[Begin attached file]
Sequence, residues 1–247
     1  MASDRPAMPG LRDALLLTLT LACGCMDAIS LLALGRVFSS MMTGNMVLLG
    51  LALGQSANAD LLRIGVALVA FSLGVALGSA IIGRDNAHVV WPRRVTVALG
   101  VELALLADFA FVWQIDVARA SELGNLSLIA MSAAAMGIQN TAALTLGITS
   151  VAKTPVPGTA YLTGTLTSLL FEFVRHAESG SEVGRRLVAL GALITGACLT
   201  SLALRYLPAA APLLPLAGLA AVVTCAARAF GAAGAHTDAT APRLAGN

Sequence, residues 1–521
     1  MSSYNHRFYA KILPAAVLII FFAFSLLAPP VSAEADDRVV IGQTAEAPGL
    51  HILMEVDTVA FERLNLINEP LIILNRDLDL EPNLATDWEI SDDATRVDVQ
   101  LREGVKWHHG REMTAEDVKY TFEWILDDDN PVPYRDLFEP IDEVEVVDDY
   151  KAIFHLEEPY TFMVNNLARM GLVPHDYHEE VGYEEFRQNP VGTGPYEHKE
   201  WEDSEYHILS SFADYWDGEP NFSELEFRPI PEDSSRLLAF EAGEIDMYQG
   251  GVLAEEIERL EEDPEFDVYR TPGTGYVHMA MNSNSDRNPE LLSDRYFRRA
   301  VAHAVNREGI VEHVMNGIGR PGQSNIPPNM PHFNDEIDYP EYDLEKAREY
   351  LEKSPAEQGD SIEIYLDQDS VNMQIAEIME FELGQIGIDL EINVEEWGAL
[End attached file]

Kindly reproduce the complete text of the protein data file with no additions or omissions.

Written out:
Sequence, residues 1–247
     1  MASDRPAMPG LRDALLLTLT LACGCMDAIS LLALGRVFSS MMTGNMVLLG
    51  LALGQSANAD LLRIGVALVA FSLGVALGSA IIGRDNAHVV WPRRVTVALG
   101  VELALLADFA FVWQIDVARA SELGNLSLIA MSAAAMGIQN TAALTLGITS
   151  VAKTPVPGTA YLTGTLTSLL FEFVRHAESG SEVGRRLVAL GALITGACLT
   201  SLALRYLPAA APLLPLAGLA AVVTCAARAF GAAGAHTDAT APRLAGN

Sequence, residues 1–521
     1  MSSYNHRFYA KILPAAVLII FFAFSLLAPP VSAEADDRVV IGQTAEAPGL
    51  HILMEVDTVA FERLNLINEP LIILNRDLDL EPNLATDWEI SDDATRVDVQ
   101  LREGVKWHHG REMTAEDVKY TFEWILDDDN PVPYRDLFEP IDEVEVVDDY
   151  KAIFHLEEPY TFMVNNLARM GLVPHDYHEE VGYEEFRQNP VGTGPYEHKE
   201  WEDSEYHILS SFADYWDGEP NFSELEFRPI PEDSSRLLAF EAGEIDMYQG
   251  GVLAEEIERL EEDPEFDVYR TPGTGYVHMA MNSNSDRNPE LLSDRYFRRA
   301  VAHAVNREGI VEHVMNGIGR PGQSNIPPNM PHFNDEIDYP EYDLEKAREY
   351  LEKSPAEQGD SIEIYLDQDS VNMQIAEIME FELGQIGIDL EINVEEWGAL